Goodreads Recommended Reviewers


Goodreads is a community for people to share their reading lives with one another. However, it’s hard to find people that share the same reading tastes. Helping new members quickly find people who reflect their own interests represented one of our biggest opportunities for new member engagement in 2018. I worked with my team to develop a solution that introduced new users to like-minded content creators during the account creation process.

Recommended Reviewers

The Challenge

Prior to this, all new Goodreads members were prompted to connect to Facebook upon creating an account. This simple call to action was enough to get some people to connect, but even in this best-case scenario the community simply wasn’t dense enough to guarantee a rich experience. The odds of you having a Facebook friend active on Goodreads are low enough— the odds of one reading books that you’re interested in are astronomical. As a result, most people weren’t having a social experience when they came to Goodreads.

Despite these headwinds, Goodreads has a rich community of avid readers writing high-quality, in-depth reviews of books in all genres on a daily basis. New users simply had no way to discover them.

In 2018 we developed a targeting service that would identify a set of ‘Top Reviewers’ based on that member’s favorite genres, and began exploring the best way to deliver the service to new members in our community.

My Role

My job as UX Designer was to determine the best way to deliver these recommendations to a new user. I conducted user research and concept tests, built wireframes and prototypes and iterated on a design before arriving at a final recommendation, for which I oversaw the implementation and release.


Our project began with survey-collection to determine what members were looking for in a reviewer or book recommendation, and identified key elements that would lead to a strong social match. The most important elements in building a successful connection were trust and similarity of taste. Based on that, I developed a series of wireframes that represented previews of different user profiles.


These were all different hypothetical ways we could package user data in consumable formats. We knew we couldn’t fit everything from a profile page into a preview object, so which bits of information were the most important?


We displayed these concepts mocks to new users and members, asking them to judge each person based on similarity to their own reading tastes and their level of trust in their judgment.

I found that users most often gravitated towards users who had read books that they were familiar with and had read before or had positive impressions of. While participants most often trusted users with positive text reviews of books they had read before (top left), the same content was much less effective if the user was unfamiliar with the book. On the other hand, users were much more likely to recognize books if there were multiple covers shown (column 3). Based on these and other findings , I developed the following design.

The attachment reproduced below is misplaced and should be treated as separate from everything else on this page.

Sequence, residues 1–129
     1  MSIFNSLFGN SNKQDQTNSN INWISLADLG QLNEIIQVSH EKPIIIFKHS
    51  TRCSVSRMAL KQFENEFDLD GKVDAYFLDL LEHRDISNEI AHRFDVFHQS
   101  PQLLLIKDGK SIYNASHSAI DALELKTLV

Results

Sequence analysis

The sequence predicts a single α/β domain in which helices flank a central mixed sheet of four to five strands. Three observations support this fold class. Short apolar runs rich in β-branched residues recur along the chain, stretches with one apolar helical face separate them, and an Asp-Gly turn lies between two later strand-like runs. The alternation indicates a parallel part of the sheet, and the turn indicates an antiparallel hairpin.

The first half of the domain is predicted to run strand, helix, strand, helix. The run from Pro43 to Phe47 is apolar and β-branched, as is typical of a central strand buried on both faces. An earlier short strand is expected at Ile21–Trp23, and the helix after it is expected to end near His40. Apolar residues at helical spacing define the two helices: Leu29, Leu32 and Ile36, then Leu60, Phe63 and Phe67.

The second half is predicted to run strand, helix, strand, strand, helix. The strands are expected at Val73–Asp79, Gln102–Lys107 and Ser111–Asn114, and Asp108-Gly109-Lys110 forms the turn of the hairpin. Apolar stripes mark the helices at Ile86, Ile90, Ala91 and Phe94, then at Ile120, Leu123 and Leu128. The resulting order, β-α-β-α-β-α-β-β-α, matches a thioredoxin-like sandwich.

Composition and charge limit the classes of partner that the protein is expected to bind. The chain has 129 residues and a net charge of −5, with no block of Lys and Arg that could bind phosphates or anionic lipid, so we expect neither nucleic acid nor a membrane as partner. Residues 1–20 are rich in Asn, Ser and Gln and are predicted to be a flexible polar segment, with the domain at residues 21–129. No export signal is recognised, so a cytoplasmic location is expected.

This object view displays the most relevant information for a new user gauging whether or not a reviewer is a valuable person to follow. Their credentials as a reviewer targeted to the viewer’s favorite genre are displayed prominently next to their name, and a grid of book covers they have read and enjoyed are displayed adjacent. To maximize the chances that a viewer will recognize a book, we choose the most popular books that are within the viewer’s favorite genres. If a user wishes to glean more information regarding the reviewer’s tastes, an overlay of the text review can be displayed via a tap-overlay.



This display, however, proved too information rich for practical purposes. Other research indicated to us we needed users to have at least five social connections upon joining Goodreads. Based on business needs, I proposed inserting a still more abbreviated component in a list-view format during account-creation onboarding:


Abbreviated wireframe of the Goodreads onboarding sequence.


I maintained much of the original design, even in a list view format.

Note that the ‘top reviewer’ endorsement is abbreviated in favor of displaying two matching genres. The covers, while smaller, are still legible on even small phones.

The review text overlay was purposefully omitted, so as to minimize friction in completing the onboarding flow. We found that when there were too many browsing options during first time experience new members tended to drop off before completing all steps, and led to lower retention.

Follow buttons have also been eschewed in favor of auto-checked checkboxes, to minimize friction. While I oppose this UI pattern in ‘Add-Contacts’ invite flows, I deemed it appropriate in this context, since it is our recommended and best way of experiencing the platform.



This experience launched as part of an A/B test in November 2018, and since then we have observed increased activities from users during their first session. However, we have not noticed any notable change in retention. So, while the experience has made a user’s first-time experience more engaging, we have not introduced any new mechanisms that re-engage a user after their first session. Follow-up work on this project will involve developing email notifications, triggered when a reviewer posts content we determine to meet a threshold of interest for our members.